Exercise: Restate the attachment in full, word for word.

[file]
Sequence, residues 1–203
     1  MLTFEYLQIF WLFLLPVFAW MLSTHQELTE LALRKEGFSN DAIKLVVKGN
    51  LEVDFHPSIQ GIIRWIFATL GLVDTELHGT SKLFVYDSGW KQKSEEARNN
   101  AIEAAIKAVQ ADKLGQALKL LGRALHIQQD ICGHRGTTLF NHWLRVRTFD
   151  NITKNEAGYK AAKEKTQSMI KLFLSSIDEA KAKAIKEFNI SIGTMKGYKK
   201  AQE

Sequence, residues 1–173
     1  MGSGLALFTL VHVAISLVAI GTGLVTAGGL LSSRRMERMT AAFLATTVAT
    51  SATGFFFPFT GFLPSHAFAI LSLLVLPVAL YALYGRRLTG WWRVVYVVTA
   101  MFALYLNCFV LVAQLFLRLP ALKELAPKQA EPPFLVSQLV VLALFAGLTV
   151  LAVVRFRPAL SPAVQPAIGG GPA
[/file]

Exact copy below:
Sequence, residues 1–203
     1  MLTFEYLQIF WLFLLPVFAW MLSTHQELTE LALRKEGFSN DAIKLVVKGN
    51  LEVDFHPSIQ GIIRWIFATL GLVDTELHGT SKLFVYDSGW KQKSEEARNN
   101  AIEAAIKAVQ ADKLGQALKL LGRALHIQQD ICGHRGTTLF NHWLRVRTFD
   151  NITKNEAGYK AAKEKTQSMI KLFLSSIDEA KAKAIKEFNI SIGTMKGYKK
   201  AQE

Sequence, residues 1–173
     1  MGSGLALFTL VHVAISLVAI GTGLVTAGGL LSSRRMERMT AAFLATTVAT
    51  SATGFFFPFT GFLPSHAFAI LSLLVLPVAL YALYGRRLTG WWRVVYVVTA
   101  MFALYLNCFV LVAQLFLRLP ALKELAPKQA EPPFLVSQLV VLALFAGLTV
   151  LAVVRFRPAL SPAVQPAIGG GPA